What is obnoxious about the case is the snide falsehoods which are offered as an excuse, that (1) it was necessary to "protect" the ex-Chancellor from the Austrians, and that (2) the Doctor is guilty of treason to Germany in trying to protect the Austrian sovereignty he was sworn to protect. That and the atmosphere of sadism and low spite which surround the whole proceedings. There is no positive proof of outright man-handling, but it is all too plain that Schuschnigg is not only being kept in custody for the safety of the Nazi regime but also is being persecuted.

Site Ed. Note: We have commented once, twice, or three times before, on our belief that perhaps Skokie in 1977 took the point of the A.C.L.U. a little too far, and so we won't go into it again. But in this one, we don't know. Whoever wrote the editorial made their point, as did the A.C.L.U. Only the carpenter, 'twould seem, was using the wrong nails. But you would need to re-consult the walrus to get it all into proper order down the rabbit-hole probably and so you may do so for yourself if you've a mind for it. We, ourselves, are tired and confused, as all that boggles us.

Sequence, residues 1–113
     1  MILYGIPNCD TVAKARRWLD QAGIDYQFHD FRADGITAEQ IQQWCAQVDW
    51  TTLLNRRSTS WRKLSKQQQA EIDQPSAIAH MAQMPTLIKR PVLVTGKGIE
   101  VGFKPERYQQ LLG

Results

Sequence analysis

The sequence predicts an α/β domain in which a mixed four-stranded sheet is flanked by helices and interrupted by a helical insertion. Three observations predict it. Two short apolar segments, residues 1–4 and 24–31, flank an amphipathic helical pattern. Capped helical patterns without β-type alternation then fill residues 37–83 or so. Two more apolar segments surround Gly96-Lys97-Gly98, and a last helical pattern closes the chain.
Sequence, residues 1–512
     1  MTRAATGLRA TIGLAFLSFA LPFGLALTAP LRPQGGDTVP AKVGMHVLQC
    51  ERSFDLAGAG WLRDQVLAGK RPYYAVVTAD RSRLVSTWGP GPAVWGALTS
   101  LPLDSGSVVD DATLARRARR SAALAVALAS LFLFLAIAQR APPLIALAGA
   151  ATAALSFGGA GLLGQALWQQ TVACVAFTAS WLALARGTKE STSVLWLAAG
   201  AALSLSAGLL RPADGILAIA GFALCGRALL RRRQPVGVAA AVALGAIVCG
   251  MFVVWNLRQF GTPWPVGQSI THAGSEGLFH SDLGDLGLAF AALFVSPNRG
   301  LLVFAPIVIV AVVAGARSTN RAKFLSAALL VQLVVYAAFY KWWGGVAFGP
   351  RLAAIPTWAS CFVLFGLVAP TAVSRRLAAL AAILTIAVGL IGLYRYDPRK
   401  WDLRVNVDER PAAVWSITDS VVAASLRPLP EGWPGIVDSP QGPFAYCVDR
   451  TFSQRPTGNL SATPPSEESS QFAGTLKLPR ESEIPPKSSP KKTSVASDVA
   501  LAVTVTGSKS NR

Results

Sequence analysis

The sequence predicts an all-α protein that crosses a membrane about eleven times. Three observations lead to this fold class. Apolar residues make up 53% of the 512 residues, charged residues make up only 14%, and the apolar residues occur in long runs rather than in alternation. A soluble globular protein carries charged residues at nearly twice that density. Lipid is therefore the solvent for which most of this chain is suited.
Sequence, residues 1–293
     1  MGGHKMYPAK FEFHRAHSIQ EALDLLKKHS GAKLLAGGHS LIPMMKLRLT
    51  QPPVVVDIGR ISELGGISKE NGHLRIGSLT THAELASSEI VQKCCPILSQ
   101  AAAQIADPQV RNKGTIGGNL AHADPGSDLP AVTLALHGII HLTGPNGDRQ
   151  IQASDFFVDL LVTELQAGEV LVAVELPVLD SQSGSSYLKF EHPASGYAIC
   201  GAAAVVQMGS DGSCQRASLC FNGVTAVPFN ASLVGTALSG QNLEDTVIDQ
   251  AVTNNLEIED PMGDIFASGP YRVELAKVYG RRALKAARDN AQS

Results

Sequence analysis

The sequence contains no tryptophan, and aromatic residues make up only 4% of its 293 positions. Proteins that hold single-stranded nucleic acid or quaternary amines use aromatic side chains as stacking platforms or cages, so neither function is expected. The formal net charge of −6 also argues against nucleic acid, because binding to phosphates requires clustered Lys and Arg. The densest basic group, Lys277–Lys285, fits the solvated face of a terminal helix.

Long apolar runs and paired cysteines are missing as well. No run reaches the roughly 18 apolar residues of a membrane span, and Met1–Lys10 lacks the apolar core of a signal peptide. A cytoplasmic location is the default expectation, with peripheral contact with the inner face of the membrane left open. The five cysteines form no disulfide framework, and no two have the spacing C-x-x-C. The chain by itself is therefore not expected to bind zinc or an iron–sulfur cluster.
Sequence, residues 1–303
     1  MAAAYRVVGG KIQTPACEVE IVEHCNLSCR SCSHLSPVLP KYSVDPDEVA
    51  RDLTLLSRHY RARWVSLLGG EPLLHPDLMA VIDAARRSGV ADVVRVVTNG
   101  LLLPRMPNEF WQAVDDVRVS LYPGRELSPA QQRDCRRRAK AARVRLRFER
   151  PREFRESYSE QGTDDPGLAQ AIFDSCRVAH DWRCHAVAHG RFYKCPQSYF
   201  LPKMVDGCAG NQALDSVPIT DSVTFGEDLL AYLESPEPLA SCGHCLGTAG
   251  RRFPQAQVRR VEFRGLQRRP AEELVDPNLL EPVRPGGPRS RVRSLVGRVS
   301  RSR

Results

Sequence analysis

We think we shall take a vacation for an hour or two now and go running and biking back to hobbledehoydom-diddy-diddy-dum.

We may grouse a little though to ourselves or even deliver hosannahs some or laugh at seemingly nothing out of thin air, along the way; so should you see us there, make no mind of it.

Just sing to yourself a little, like: "You got to wade in the water, wade in the water, children, wade in the water..." Everything will be alright then.

Makes for a longer life. We assure you. No iron nails used this time.

Thank you. Good evening.

Drawing a Distinction*

The American Civil Liberties Union has often been accused of being interested only in the defense of Reds whose program calls for the abolition of civil liberties. But perhaps that is unfair. It has some Communists in its make-up, undoubtedly, and many of its clients have been Reds. But Reds are, after all, the people most likely to be denied civil liberties. And the organization has often come to the defense of others. Just now, for instance, it is up in arms in behalf of one Henry Lage, a carpenter at a San Francisco hospital, who was fired for his activities as head of the San Francisco German-American Bund, the Nazi organization which the Reds hate.